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Hubert Grimmig, Kultur- und Tourismus GmbH Gengenbach
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holidays
Inside the German Town Where Advent Is the Main Attraction
Hubert Grimmig, Kultur- und Tourismus GmbH Gengenbach
Hubert Grimmig, Kultur- und Tourismus GmbH Gengenbach

The German town of Gengenbach takes Christmas very seriously. So seriously that it counts down to the holiday with one of the biggest Advent calendars in the world.

Two decades ago, the town of 11,000 people on the edge of the Black Forest set out to bring in more tourists during the holiday season. So to make its holiday market more unique, Gengenbach began turning its town hall into a building-sized Advent calendar.

Now, every night from November 30 to December 23, the windows of Gengenbach’s Baroque city hall light up with artistic creations inspired by a yearly theme. At 6 p.m. each evening, the lights of city hall go up, and a spotlight trains on one window. Then, the window shade pulls up to reveal the new window. By December 23, all the windows are open and on display, and will stay that way until January 6.

Gengenbach's city hall lit up for Christmas
Hubert Grimmig, Kultur- und Tourismus GmbH Gengenbach

Each year, the windows are decorated according to a theme, like children’s books or the work of famous artists like Marc Chagall. For 2017, all the Advent calendar windows are filled with illustrations by Andy Warhol.

According to the Guinness World Records, it’s not the absolute biggest Advent calendar in the world. That record belongs to a roughly 233-foot-high, 75-foot-wide calendar built in London’s St Pancras railway station in 2007. Still, Gengenbach’s may be the biggest Advent calendar that comes back year after year. And as a tourist attraction, it has become a huge success in the last 20 years. The town currently gets upwards of 100,000 visitors every year during the holiday season, according to the local tourist bureau.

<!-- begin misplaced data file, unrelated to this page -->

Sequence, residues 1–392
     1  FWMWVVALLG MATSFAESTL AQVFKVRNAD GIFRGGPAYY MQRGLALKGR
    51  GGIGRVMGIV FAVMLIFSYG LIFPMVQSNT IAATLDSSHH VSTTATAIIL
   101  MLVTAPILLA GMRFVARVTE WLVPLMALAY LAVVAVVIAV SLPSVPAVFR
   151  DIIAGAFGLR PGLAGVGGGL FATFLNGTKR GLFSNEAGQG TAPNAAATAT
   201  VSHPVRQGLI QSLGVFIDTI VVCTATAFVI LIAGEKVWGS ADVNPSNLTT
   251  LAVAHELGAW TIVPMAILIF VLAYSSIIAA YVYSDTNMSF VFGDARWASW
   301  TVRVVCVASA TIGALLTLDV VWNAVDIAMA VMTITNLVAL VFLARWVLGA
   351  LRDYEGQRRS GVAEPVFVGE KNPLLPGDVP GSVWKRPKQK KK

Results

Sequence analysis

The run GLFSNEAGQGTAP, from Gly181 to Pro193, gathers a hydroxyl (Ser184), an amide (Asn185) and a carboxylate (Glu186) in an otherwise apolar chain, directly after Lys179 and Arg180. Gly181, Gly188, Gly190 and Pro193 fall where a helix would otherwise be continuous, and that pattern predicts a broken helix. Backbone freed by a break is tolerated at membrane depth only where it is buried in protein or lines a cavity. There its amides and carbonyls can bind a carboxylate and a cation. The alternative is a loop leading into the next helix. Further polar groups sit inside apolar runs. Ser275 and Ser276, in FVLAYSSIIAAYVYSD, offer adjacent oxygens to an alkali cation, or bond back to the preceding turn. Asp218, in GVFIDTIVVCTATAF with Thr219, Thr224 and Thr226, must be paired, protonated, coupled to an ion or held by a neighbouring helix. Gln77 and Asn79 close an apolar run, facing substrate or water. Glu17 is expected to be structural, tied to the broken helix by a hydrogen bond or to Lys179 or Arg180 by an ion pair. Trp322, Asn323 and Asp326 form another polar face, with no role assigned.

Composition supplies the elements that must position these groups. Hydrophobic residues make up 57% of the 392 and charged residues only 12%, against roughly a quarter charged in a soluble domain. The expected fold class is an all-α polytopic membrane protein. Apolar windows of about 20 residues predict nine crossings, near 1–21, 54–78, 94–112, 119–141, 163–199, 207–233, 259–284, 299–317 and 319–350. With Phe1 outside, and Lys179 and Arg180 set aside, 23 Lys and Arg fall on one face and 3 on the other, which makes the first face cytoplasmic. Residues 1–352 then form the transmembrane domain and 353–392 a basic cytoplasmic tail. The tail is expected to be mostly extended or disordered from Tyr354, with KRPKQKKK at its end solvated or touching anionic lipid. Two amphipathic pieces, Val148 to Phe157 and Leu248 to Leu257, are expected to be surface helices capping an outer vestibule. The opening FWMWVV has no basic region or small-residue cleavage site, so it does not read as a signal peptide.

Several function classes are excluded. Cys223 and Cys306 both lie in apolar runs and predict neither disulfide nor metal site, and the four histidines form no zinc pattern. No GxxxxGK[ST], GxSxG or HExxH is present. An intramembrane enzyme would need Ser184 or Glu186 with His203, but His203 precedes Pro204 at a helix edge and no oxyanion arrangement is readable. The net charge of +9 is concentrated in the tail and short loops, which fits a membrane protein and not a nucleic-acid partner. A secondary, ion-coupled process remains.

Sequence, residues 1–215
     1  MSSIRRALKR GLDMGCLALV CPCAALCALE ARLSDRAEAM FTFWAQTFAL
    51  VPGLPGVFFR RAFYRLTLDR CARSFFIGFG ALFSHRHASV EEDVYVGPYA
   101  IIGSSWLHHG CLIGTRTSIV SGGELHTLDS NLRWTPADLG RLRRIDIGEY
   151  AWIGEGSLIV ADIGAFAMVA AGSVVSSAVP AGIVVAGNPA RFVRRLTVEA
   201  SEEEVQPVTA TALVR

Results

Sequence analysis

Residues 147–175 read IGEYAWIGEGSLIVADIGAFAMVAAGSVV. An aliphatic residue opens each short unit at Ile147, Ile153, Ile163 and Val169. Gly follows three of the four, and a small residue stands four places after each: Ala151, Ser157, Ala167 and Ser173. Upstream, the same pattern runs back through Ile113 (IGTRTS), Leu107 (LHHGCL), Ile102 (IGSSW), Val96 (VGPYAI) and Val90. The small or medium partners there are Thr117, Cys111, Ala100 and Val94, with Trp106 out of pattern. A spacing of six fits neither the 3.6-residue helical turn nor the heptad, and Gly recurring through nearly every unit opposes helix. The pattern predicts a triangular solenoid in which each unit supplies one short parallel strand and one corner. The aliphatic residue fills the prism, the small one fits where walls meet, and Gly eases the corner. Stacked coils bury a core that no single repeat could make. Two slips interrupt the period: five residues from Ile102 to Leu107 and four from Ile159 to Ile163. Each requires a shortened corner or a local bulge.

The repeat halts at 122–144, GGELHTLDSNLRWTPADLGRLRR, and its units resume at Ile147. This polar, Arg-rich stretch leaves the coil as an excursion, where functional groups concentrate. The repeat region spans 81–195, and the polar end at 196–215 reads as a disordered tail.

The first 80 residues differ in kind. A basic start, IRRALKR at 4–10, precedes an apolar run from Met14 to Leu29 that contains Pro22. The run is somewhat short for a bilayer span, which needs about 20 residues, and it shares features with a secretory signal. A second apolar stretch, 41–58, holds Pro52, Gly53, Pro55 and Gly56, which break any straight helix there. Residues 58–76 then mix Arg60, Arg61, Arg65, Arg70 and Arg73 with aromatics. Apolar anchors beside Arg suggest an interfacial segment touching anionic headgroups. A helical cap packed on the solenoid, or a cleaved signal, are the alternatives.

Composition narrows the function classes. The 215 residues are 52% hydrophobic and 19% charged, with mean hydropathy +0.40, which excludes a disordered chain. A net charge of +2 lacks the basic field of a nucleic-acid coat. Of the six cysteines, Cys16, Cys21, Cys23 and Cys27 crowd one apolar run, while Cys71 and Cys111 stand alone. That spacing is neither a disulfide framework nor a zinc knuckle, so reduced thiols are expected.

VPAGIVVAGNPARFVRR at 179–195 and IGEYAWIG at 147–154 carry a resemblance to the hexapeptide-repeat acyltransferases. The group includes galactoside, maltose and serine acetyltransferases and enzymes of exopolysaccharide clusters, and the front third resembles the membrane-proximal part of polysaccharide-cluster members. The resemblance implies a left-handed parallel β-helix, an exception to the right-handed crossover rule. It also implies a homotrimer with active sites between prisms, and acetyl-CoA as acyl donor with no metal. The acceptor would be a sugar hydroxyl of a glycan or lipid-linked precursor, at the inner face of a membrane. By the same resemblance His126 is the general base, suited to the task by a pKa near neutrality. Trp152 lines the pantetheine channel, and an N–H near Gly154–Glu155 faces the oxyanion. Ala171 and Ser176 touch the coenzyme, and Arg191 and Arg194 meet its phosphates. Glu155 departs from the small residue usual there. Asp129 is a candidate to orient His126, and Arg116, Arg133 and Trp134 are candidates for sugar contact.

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History
The Secret World War II History Hidden in London's Fences

In South London, the remains of the UK’s World War II history are visible in an unlikely place—one that you might pass by regularly and never take a second look at. In a significant number of housing estates, the fences around the perimeter are actually upcycled medical stretchers from the war, as the design podcast 99% Invisible reports.

During the Blitz of 1940 and 1941, the UK’s Air Raid Precautions department worked to protect civilians from the bombings. The organization built 60,000 steel stretchers to carry injured people during attacks. The metal structures were designed to be easy to disinfect in case of a gas attack, but that design ended up making them perfect for reuse after the war.

Many London housing developments at the time had to remove their fences so that the metal could be used in the war effort, and once the war was over, they were looking to replace them. The London County Council came up with a solution that would benefit everyone: They repurposed the excess stretchers that the city no longer needed into residential railings.

You can tell a stretcher railing from a regular fence because of the curves in the poles at the top and bottom of the fence. They’re hand-holds, designed to make it easier to carry it.

Unfortunately, decades of being exposed to the elements have left some of these historic artifacts in poor shape, and some housing estates have removed them due to high levels of degradation. The Stretcher Railing Society is currently working to preserve these heritage pieces of London infrastructure.

As of right now, though, there are plenty of stretchers you can still find on the streets. If you're in the London area, this handy Google map shows where you can find the historic fencing.

[h/t 99% Invisible]